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Reflections Magazine : Reflections Issue 60 Spring 2015
12 Practices that support the development of meaningful partnerships with vulnerable families In this centre relational pedagogy underpins all interactions between educators and children, between educators and parents and between educators and educators. Relational pedagogy acknowledges the importance of educators being intentional about their work with children and recognising the centrality of relationships for learning (Papatheodorou & Moyles 2009). In addition to the child-centred practices that are the program's primary focus, there is a strong emphasis on sustaining parental engagement. A child's primary carer develops and maintains trusting relationships with the child's parents or carers. Two of the centre's practices that appear pivotal in building successful, ongoing partnerships with vulnerable families are: • A gradual process of child and family orientation into the centre; • Education and care plans which see educators and parents collaboratively reviewing children's progress every 12 weeks, and setting new goals. Gradual orientation to the centre What is it? Each child and family has an orientation and participation plan that is developed between the child's primary carer and the child's parent(s). The purpose of the plan is to ensure that the child's transition into the centre is in their best interests, is thoughtful and occurs gradually over a period of weeks and months. For children under 12 months, the process may take up to 12 weeks, and for children over 12 months it may take up to eight weeks. Educators and parents review the plan together at the end of each week. An infant mental health professional also supports the planning and processes involved in a child and family's orientation into the centre. How does it work? The child's primary carer and the child's parent(s) arrange a suitable time for the child's first visit to the centre. The child and parent(s) come and stay for a couple of hours and are introduced to educators, parents and children and get to know the centre. Typically, the child and parent leave before the other children in their room have lunch, and they can repeat this for several days. When the child and parent/s are feeling more comfortable they might stay for lunch and eventually the child stays for a sleep or rest, with the parent settling them down and staying beside them so that the child feels safe. Then the parent might leave the child to sleep by themselves but will still be available in the building, until both educator and parent(s) agree that the child is fully oriented into the program and ready to stay for a full day. How does this process help to develop meaningful partnership with parents? There is no rush to move a child and family through the orientation process and so the slow transition into the centre supports children and their parents to gradually build trust with educators and settle into the new setting. Educators have time to listen to parents' concerns and hear their stories, and they can also observe how the child and parent interact, answer questions, provide information and model positive practices in a warm, gentle, consistent manner. Even when their children are fully oriented into the program the parents are welcome to stay in the centre each day for as long as they like. They can stay for meals, participate in play activities with their children or use the parent resource room. This gradual process of orientation is much easier when parents are not working. Education and care plans What are they? Once a child has completed their orientation into the centre and both child and parent(s) are settled, the child's primary carer (educator) arranges a meeting with the parent(s) and together they develop an Education and Care Plan. Family caseworkers may also attend this meeting but it is the parent(s) and educator who develop the child's education and care goals. Children's plans are reviewed every 3 months to ensure the relevancy of the education and care goals. How do they work? Each meeting is held at the children's centre and commences with a review of the child's progress, as well as a discussion of their skills, achievements, interests, and any significant changes that may have occurred or are occurring in the children's and families' lives. Educators also use this time to share the child's portfolio with the parent(s). The progress of previous goals is discussed and then new goals are identified, clearly linked to the EYLF learning outcomes, along with activities and actions that will be taken to achieve the planned goals. Parents are encouraged to identify their goals for their children. After the meeting, the outcomes are typed up as the new Education and Care Plan and all parties participating in the review sign it, before copies of the plan are given to those present. Subsequently educators write up each goal in detail on an Individual Learning Development Record, which clearly identifies the strategies, experiences and materials that will be employed to meet every goal.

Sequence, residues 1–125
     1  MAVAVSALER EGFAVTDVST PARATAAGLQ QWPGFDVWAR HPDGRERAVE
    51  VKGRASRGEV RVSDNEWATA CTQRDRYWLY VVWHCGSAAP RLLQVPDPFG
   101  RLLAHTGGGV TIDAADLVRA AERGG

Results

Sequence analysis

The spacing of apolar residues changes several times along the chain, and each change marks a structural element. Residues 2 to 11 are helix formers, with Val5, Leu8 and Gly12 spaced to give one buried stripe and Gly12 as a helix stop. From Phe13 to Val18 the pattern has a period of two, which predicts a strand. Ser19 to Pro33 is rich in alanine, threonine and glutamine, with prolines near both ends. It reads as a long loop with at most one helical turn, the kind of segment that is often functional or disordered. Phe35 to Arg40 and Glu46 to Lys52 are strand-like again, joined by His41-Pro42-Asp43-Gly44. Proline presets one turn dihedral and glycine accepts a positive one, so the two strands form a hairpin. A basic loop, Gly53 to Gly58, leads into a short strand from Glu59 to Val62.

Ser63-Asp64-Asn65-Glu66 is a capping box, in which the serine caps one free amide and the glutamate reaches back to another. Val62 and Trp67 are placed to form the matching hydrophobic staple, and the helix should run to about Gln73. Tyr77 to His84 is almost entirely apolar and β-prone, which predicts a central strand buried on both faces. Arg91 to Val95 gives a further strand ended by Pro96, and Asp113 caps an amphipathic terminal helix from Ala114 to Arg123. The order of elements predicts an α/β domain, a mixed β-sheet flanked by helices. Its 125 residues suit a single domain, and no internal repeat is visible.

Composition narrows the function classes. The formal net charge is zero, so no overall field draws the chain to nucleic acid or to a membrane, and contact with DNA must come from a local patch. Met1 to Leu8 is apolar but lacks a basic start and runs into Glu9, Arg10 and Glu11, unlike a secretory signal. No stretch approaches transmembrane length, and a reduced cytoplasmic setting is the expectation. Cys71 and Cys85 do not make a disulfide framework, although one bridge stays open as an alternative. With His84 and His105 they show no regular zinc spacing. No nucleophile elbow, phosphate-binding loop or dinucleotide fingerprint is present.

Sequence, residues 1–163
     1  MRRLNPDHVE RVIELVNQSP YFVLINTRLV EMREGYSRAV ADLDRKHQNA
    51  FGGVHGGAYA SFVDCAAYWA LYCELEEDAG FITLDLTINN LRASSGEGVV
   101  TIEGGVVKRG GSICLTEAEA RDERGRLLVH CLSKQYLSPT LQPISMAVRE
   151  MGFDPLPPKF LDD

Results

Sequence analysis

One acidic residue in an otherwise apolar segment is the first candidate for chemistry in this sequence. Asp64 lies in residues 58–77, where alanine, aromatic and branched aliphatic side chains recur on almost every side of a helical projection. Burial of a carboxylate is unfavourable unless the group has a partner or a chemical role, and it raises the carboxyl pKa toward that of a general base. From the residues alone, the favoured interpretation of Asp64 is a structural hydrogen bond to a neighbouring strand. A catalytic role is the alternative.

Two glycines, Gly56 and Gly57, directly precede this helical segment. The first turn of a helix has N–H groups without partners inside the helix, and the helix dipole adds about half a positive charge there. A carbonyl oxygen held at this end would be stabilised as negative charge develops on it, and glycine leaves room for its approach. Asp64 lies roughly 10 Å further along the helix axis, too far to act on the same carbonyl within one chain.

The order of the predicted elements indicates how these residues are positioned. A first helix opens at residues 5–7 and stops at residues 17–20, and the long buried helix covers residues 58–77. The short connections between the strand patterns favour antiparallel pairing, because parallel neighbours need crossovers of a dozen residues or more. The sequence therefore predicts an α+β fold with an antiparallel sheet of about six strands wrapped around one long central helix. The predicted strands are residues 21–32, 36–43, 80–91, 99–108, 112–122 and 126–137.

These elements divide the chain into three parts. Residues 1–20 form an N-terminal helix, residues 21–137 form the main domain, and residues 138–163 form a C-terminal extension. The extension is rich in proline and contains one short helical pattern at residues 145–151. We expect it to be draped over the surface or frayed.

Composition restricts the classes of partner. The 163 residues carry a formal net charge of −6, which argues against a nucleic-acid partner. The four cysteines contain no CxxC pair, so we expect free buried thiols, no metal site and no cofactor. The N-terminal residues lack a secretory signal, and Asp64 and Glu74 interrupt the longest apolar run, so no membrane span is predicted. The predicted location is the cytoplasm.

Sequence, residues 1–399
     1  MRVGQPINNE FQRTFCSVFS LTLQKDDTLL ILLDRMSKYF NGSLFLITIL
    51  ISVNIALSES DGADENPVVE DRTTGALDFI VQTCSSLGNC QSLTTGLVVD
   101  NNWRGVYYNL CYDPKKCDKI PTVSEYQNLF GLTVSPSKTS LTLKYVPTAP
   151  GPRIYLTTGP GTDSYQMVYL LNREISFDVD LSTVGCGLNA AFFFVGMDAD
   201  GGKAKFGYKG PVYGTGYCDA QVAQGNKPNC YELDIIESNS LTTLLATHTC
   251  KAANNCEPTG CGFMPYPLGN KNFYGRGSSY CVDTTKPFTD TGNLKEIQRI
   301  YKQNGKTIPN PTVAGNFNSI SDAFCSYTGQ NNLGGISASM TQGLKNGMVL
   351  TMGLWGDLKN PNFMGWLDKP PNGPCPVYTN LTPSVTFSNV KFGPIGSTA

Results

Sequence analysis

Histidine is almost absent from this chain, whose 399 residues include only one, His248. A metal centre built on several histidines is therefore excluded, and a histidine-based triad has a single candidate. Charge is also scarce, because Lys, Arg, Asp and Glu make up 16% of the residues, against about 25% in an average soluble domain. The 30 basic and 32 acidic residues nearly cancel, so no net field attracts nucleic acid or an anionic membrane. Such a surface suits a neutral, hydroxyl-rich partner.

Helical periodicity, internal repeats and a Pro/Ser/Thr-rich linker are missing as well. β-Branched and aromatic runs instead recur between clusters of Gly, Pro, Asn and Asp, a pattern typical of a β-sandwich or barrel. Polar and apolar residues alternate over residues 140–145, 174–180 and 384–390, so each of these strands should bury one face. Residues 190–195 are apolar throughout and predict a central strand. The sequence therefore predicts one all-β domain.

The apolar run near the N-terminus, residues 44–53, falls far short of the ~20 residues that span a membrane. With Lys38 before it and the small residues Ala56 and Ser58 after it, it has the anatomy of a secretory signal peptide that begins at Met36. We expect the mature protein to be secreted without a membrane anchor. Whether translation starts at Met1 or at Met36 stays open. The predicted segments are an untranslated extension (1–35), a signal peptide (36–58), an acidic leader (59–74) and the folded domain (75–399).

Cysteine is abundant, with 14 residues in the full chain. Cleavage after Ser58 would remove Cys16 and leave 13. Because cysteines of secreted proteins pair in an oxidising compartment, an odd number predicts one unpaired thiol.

Reflections Issue 59 Winter 2015
Reflections Issue 61, 2015